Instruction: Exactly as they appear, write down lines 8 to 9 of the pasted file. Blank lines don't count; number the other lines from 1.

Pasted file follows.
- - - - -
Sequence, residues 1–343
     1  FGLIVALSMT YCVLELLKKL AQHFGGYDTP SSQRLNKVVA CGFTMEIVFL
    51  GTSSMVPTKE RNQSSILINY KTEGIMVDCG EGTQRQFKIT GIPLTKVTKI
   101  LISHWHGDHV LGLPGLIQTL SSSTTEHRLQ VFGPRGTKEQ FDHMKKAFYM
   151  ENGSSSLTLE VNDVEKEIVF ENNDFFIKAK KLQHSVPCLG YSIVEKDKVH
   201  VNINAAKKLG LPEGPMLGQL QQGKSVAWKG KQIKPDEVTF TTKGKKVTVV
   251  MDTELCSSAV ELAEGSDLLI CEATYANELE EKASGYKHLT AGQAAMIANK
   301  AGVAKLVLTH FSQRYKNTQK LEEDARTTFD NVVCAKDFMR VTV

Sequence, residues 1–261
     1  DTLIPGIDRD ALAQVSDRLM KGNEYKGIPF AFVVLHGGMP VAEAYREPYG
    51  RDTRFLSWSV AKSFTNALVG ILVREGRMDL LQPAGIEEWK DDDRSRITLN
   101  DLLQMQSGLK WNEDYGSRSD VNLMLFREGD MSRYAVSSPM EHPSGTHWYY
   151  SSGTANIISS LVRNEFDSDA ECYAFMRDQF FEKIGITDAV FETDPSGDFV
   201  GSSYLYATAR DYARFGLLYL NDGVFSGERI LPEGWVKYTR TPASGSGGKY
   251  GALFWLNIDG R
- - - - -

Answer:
   301  AGVAKLVLTH FSQRYKNTQK LEEDARTTFD NVVCAKDFMR VTV

Sequence, residues 1–261